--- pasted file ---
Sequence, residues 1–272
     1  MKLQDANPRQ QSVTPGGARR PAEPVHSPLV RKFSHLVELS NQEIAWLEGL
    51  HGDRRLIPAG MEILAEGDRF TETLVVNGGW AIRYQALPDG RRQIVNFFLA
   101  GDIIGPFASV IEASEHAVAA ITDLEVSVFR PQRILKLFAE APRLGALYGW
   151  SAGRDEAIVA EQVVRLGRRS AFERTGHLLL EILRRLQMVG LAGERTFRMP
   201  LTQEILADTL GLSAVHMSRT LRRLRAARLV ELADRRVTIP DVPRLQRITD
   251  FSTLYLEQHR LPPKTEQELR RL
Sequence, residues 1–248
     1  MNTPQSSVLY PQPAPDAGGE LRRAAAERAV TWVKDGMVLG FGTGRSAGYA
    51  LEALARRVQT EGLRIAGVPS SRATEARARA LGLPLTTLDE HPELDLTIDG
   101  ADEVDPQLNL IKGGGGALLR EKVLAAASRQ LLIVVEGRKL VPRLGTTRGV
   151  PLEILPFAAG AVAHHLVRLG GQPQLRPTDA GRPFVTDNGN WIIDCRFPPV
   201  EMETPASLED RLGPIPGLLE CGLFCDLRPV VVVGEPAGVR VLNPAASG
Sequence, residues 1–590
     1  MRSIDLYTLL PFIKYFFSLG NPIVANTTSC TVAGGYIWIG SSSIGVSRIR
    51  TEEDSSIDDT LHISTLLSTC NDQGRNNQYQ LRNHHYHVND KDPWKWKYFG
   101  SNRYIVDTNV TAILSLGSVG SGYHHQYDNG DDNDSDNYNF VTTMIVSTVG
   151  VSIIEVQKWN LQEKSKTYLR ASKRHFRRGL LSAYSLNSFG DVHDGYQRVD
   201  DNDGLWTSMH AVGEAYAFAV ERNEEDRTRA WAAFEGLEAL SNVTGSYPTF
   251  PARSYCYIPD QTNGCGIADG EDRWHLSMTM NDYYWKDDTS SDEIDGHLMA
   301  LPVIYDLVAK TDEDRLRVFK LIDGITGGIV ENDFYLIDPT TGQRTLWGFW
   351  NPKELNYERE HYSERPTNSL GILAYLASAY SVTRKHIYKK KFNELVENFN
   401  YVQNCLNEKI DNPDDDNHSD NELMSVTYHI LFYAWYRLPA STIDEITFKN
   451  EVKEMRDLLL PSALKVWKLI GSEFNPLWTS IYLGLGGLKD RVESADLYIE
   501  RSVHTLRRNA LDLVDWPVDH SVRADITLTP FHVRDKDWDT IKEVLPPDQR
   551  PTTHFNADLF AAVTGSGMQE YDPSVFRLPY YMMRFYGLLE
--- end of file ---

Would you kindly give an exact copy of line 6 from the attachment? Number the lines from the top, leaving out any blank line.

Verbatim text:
   201  LTQEILADTL GLSAVHMSRT LRRLRAARLV ELADRRVTIP DVPRLQRITD